As part of our transportation infrastructure work, PEC provides consultancy services for the design and protection of bridges subject to accidental and intentional vessel impact. This work includes analysis to calculate loading and structural response consistent with the requirements of the AASHTO Bridge Specifications for accidental impacts. For malicious impact threats, PEC often employs high-fidelity physics based methods for deterministic assessment of structural impact loads and response.
In the United States, vessel impact threats to bridges are established through risk assessment procedures outlined in the AASHTO Bridge Specifications. This process involves a site-specific evaluation of vessel traffic—including both large vessels (tankers) and smaller vessels (tugboats/pushboats)—in addition to environmental conditions such as commonly observed currents and crosscurrents that could contribute to vessel aberrancy. This information is then utilized in conjunction with the bridge geometry to determine collision probabilities associated with each exposed pier and vessel group. Collapse probabilities associated with vulnerable structural components are computed from maximum component resistance levels and impact energy calculations specific to each vessel group. By combining collision and collapse probabilities, an annual frequency of collapse (AF) may be computed for each vulnerable structural component. The summation of these AF values is then compared against permissible limits to assess adequacy of the proposed bridge design.
Current AASHTO procedures governing vessel impact risk assessments have been updated sparingly since their original development in the early 1990s. The University of Florida (UF), working in conjunction with the Florida Department of Transportation (FDOT), recently conducted a series of experimental and analytical investigations specific to barge-bridge impacts with a focus on providing improvements to existing vessel impact analysis and design methods. While at UF working under Dr. Gary Consolazio, current PEC engineer Dr. George Kantrales was involved in several of these studies covering various aspects of the risk assessment process (for more details on previous work, including publicly available research reports, click here). Such efforts included large-scale testing to validate crushing characteristics of barge bows from which peak design loads are computed, numerical studies to assess impact energies of loaded multi-barge tows, and a probabilistic study to recalibrate one of the fundamental terms used in the determination of barge-bridge impact probabilities.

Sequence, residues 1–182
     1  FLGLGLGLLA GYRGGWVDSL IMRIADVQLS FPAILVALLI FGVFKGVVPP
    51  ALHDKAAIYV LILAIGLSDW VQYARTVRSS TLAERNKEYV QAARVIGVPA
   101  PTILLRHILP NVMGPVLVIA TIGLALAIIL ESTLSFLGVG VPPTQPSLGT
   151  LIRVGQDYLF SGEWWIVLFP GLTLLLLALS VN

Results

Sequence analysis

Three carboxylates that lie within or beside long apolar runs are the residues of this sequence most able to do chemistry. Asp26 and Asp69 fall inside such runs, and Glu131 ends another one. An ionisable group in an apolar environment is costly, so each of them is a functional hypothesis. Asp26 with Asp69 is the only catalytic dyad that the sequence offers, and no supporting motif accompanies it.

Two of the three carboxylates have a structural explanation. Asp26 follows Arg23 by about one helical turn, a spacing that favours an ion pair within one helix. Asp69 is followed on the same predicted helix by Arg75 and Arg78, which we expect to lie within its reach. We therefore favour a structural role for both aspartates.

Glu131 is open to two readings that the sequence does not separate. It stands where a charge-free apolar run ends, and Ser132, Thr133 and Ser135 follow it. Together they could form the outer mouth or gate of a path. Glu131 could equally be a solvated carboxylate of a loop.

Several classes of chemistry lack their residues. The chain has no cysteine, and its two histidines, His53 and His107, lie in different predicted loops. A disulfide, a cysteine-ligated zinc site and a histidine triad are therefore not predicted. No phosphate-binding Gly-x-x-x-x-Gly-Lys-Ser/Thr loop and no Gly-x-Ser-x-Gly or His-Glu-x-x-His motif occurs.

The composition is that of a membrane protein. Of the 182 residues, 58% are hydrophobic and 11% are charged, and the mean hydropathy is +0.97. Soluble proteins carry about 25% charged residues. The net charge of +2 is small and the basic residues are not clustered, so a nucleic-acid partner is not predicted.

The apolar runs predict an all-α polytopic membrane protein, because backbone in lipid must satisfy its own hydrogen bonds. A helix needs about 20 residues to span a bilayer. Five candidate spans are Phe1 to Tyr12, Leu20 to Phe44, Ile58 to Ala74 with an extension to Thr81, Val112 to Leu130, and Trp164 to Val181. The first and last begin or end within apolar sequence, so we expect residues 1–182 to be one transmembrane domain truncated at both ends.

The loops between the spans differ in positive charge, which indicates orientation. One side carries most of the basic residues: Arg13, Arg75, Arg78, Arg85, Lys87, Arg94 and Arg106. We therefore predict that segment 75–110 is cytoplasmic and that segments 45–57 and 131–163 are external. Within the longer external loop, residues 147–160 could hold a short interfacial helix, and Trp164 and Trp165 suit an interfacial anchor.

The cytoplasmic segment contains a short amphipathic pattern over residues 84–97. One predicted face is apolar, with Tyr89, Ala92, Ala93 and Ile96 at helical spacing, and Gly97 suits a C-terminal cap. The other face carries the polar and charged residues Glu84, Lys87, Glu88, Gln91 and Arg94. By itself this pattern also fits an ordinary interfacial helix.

Large-Scale Barge Bow Impact Experiments Conducted by UF/FDOT
Analytical Replication (Simplified) of UF/FDOT Barge Bow Impact Experiments
Our familiarity with the AASHTO risk assessment process, the role of our staff in providing recommended improvements to these procedures, and our deep knowledge of impact dynamics and protective design put PEC is in a unique position to provide value-added support to our clients in areas where vessel impact threats are of concern. For more information, please contact George Kantrales.
Consolazio, G.R., D.J. Getter, and G.C. Kantrales. Validation and Implementation of Bridge Design Specifications for Barge Impact Loading. Structures Research Report No. 2014/87294, Univ. of Florida, Gainesville, FL, 2014.
G.C. Kantrales. Evaluation of Barge Flotilla Aberrancy And Inter-Barge Relative Motions for the Analysis and Design of Waterway Bridge Structures Subject to Barge Collisions. Doctoral Dissertation, University of Florida, Gainesville, FL, 2016.
G.C. Kantrales, G.R. Consolazio, D. Wagner, and S. Fallaha. “Experimental and Analytical Study of High-Level Barge Deformation for Barge-Bridge Collision Design”. Journal of Bridge Engineering, 21(2), 2016.
Other Reports/Papers by UF/FDOT:
Consolazio, G.R., and G.C. Kantrales. Determination of Barge Impact Probabilities for Bridge Design. Structures Research Report No. 2016/1112484-1112485, Univ. of Florida, Gainesville, FL, 2016.
D.J. Getter, G.C. Kantrales, G.R. Consolazio, and S. Fallaha. “Strain Rate Sensitive Steel Constitutive Models for Finite Element Analysis of Vessel-Structure Impacts”. Marine Structures, 44, 2015.